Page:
Otherwise, the seasonings went like thisthough I added about a quarter cup of wheat bran, since I thought the panade wasn't enough in the breadcrumb department.
We also made these sweet potato fries in a separate tray.  You don't need to mix the spices and oil beforehand and toss in a bowl, really, just lay the potatoes out on the tray, drizzle with oil, toss them about, premix the dry spices, sprinkle them on the potatoes, and toss again.
Served with lashings of ketchup.  Did I say?  Best.  Meatloaf.  Ever.

Monday, November 07, 2011

Roasted Chicken Thighs and Root Vedge

Friday 4 November
Dora likes to watch us make dinner every night, so she takes her position at the center of things (the interior of the dishwasher is also fascinating to our Explorer).  She doesn't much care where she sits, but the computer we run the recipes on is nice and warm, and her ass just fits on the track pad.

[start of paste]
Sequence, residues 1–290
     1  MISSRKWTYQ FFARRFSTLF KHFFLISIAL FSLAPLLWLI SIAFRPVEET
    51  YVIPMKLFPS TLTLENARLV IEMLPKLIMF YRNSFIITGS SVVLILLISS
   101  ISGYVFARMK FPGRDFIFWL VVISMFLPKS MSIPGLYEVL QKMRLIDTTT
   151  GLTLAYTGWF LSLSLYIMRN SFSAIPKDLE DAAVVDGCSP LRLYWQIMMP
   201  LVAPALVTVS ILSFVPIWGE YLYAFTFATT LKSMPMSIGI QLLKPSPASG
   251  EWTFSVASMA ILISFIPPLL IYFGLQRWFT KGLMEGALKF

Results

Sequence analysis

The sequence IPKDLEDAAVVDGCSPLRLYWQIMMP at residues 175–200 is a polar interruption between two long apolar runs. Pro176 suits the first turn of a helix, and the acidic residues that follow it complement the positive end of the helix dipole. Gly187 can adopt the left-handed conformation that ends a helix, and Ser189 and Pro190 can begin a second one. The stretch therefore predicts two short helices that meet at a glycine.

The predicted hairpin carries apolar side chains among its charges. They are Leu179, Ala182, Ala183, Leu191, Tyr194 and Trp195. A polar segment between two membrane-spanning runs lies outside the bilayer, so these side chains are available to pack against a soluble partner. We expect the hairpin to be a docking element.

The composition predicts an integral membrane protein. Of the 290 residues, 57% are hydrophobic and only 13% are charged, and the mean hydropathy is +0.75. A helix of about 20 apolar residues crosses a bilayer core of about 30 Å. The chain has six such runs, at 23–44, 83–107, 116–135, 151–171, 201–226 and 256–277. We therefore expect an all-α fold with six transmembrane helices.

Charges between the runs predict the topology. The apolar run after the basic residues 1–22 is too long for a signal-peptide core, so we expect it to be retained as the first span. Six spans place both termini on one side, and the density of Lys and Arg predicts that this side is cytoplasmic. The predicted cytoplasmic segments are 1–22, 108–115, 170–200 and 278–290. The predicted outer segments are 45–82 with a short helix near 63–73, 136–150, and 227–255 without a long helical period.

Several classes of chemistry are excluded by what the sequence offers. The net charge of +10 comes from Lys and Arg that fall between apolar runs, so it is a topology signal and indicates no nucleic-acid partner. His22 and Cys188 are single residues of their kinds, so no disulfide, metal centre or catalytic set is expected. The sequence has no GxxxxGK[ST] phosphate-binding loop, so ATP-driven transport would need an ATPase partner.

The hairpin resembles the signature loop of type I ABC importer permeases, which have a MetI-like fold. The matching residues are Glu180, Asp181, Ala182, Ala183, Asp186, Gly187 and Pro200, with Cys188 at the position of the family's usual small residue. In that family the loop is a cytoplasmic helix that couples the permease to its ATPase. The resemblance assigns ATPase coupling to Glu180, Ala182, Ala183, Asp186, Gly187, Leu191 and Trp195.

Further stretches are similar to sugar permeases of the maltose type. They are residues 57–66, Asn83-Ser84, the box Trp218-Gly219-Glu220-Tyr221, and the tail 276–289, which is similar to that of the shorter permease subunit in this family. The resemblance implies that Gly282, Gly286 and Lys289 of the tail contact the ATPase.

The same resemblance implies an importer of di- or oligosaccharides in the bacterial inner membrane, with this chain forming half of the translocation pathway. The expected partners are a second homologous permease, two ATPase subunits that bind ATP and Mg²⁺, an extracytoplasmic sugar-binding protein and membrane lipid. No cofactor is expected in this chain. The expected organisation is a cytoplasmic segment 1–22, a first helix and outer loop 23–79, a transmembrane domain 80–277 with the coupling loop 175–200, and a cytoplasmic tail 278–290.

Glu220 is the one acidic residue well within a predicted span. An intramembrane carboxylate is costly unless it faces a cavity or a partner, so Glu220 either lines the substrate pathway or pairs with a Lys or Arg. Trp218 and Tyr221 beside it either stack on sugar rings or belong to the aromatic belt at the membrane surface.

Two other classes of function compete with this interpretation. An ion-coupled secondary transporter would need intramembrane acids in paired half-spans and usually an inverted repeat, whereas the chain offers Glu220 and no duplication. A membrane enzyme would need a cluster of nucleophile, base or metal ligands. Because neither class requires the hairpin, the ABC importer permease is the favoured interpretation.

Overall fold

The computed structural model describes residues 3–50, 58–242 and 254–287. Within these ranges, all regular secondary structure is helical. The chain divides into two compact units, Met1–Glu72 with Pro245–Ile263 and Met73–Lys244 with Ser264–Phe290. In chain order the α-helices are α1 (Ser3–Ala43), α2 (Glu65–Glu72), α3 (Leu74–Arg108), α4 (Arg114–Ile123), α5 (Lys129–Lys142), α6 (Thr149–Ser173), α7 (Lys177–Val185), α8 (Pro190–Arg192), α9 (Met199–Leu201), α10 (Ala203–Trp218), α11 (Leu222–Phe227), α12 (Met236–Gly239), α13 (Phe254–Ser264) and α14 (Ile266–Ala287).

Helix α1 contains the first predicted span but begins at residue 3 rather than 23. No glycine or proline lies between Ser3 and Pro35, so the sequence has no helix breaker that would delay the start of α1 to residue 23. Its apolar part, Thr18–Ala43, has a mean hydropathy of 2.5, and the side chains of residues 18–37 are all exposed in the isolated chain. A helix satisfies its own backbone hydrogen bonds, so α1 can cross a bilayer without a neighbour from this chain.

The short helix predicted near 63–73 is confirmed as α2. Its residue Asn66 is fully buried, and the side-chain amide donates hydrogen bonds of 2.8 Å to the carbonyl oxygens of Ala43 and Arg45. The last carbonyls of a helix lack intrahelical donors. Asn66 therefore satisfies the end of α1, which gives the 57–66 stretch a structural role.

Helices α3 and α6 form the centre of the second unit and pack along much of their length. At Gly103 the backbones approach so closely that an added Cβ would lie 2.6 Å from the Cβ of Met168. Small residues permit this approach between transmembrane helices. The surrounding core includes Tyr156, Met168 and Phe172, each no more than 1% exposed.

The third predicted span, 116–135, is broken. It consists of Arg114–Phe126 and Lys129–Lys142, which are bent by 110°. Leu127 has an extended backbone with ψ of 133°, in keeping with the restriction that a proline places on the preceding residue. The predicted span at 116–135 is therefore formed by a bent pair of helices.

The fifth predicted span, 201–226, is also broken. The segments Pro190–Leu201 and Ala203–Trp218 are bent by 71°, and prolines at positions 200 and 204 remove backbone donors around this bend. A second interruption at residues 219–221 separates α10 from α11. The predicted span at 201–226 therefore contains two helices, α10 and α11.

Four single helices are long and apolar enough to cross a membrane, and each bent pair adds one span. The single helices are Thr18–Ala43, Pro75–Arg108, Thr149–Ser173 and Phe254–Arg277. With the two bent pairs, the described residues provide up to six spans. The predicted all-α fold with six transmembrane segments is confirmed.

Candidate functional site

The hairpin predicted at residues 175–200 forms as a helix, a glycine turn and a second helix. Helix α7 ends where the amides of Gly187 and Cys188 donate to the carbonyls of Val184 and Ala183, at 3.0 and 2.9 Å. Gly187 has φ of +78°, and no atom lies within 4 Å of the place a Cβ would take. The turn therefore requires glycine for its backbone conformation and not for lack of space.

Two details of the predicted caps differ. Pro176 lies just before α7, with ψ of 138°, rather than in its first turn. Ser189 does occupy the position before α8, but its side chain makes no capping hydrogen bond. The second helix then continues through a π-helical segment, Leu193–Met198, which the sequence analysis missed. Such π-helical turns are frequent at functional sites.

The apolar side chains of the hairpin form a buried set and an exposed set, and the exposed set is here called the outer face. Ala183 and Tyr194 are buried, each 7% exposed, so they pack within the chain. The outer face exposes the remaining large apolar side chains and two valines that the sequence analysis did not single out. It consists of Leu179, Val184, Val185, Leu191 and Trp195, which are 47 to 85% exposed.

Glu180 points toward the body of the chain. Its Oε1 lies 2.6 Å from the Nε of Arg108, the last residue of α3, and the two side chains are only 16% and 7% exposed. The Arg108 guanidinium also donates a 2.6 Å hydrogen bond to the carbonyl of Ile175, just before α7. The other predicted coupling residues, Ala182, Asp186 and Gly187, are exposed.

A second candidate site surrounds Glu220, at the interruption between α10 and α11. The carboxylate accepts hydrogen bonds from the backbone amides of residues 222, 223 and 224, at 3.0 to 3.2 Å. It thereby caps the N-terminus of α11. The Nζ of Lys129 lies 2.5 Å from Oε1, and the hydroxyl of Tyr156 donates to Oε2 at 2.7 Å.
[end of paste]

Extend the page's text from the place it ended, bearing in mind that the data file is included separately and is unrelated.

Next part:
While she supervised, we got out a pack of 6 chicken thighs, and did a surprising new recipe, one we could almost see over her.
Thighs were roasted for 25 minutes, taken out and put in the toaster oven at 350º while the vegetables (plus some parsnips) roasted for another 25 minutes.  And by the way, no need to pre-toss the vedge with oil and salt mixture; wait until the chicken comes out, and just toss it in the pan with rendered fat, no more oil needed, and then toss salt mixture on.
Though the recipe sounded oversimplified and bland, it turned out golden, crispy and addictive.  This will become a standard.

Fettucine with Creamy Crab and Lemon-lime Thyme

Thursday 3 November
As it's a weeknight, we didn't have time to make fresh pasta, as we had twice before.